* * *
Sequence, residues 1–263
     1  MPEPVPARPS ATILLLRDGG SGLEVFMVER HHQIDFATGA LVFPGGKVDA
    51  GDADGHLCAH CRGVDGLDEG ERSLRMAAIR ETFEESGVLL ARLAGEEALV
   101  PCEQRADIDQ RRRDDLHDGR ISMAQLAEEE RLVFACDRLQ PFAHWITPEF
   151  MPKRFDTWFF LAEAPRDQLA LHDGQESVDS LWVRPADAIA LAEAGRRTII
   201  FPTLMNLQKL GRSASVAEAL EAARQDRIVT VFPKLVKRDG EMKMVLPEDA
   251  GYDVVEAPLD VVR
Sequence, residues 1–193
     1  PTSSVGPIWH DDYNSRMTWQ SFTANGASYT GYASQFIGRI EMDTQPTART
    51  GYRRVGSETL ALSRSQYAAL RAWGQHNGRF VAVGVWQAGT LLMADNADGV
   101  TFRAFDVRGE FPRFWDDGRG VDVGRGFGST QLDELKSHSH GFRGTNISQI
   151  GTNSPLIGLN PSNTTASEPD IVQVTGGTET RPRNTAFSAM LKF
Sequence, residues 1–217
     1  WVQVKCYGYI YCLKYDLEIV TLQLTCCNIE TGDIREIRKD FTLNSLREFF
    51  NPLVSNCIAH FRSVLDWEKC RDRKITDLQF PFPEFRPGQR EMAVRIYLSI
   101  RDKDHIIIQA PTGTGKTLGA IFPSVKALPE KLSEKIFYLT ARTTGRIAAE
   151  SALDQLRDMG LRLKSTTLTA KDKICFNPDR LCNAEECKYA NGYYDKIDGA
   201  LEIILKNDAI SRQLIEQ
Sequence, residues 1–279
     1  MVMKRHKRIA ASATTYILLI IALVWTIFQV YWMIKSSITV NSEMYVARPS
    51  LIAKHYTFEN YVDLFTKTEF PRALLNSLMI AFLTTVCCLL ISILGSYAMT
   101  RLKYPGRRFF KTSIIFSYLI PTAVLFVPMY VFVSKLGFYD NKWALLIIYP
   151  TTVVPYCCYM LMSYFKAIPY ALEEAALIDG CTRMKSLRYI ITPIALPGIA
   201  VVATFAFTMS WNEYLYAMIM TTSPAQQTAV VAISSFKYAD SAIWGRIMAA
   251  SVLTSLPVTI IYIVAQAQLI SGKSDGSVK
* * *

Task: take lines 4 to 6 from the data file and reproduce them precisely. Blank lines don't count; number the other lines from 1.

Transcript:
   101  PCEQRADIDQ RRRDDLHDGR ISMAQLAEEE RLVFACDRLQ PFAHWITPEF
   151  MPKRFDTWFF LAEAPRDQLA LHDGQESVDS LWVRPADAIA LAEAGRRTII
   201  FPTLMNLQKL GRSASVAEAL EAARQDRIVT VFPKLVKRDG EMKMVLPEDA